The leading candidates competing for the fifth district seat of the Los Angeles County Board Supervisors will articulate their positions on children’s issues on May 10 at 7:00 p.m. at Pasadena City College.
The fifth district contenders will be asked pointed questions about improving the lives of children across Los Angeles County, which is home to the largest child-welfare and juvenile-justice systems in the nation.
Los Angeles County has a population greater than all but seven states in the country, and the Board of Supervisors oversees a budget of more than $28 billion. The county currently dedicates about a quarter of its budget, or $7.7 billion, to programs and spending that support children and families. To that end, the Board of Supervisors plays a critical role in making sure the county’s children are healthy, safe and able to thrive.
The fifth supervisorial district has long been an important part of the county’s efforts to help its most vulnerable children and found itself at the heart of controversy in 2013, when 8-year-old Gabriel Fernandez died at the hands of his mother and her boyfriend in Antelope Valley. The incident spurred the creation of the county’s new Office of Child Protection (OCP).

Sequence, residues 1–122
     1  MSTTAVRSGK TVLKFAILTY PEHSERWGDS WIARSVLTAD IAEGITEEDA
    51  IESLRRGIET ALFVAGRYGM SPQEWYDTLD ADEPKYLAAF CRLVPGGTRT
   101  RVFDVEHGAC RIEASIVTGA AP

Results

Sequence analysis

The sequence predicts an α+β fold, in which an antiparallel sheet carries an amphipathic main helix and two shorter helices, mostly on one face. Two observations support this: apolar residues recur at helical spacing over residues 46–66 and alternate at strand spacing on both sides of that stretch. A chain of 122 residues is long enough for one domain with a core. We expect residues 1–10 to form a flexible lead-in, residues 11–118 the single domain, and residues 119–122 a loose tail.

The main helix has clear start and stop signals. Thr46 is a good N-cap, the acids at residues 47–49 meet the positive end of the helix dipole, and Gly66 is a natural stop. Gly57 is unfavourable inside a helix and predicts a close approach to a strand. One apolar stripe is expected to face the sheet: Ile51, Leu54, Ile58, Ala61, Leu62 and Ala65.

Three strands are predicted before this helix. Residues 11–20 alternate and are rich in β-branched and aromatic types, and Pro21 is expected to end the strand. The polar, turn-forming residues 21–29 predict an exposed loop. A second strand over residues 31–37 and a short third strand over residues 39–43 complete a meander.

At the same time, the county and local philanthropic institutions jointly established and funded the first-ever Center for Strategic Public-Private Partnerships, which will collaborate with the Board of Supervisors, other county agencies and community-based organizations focused on child welfare.
As the largest supervisorial district, the fifth district encompasses the San Gabriel Valley communities of Alhambra, Arcadia, Covina, Duarte, Glendale, Glendora, La Cañada Flintridge, Monrovia, Pasadena, San Gabriel, San Marino, Sierra Madre, South Pasadena and Temple City. It also includes the Santa Clarita and Antelope valleys, as well as some parts of the San Fernando Valley.
The forum is hosted by Fostering Media Connections – publisher of The Chronicle of Social Change – and sponsored by Southern California Grantmakers.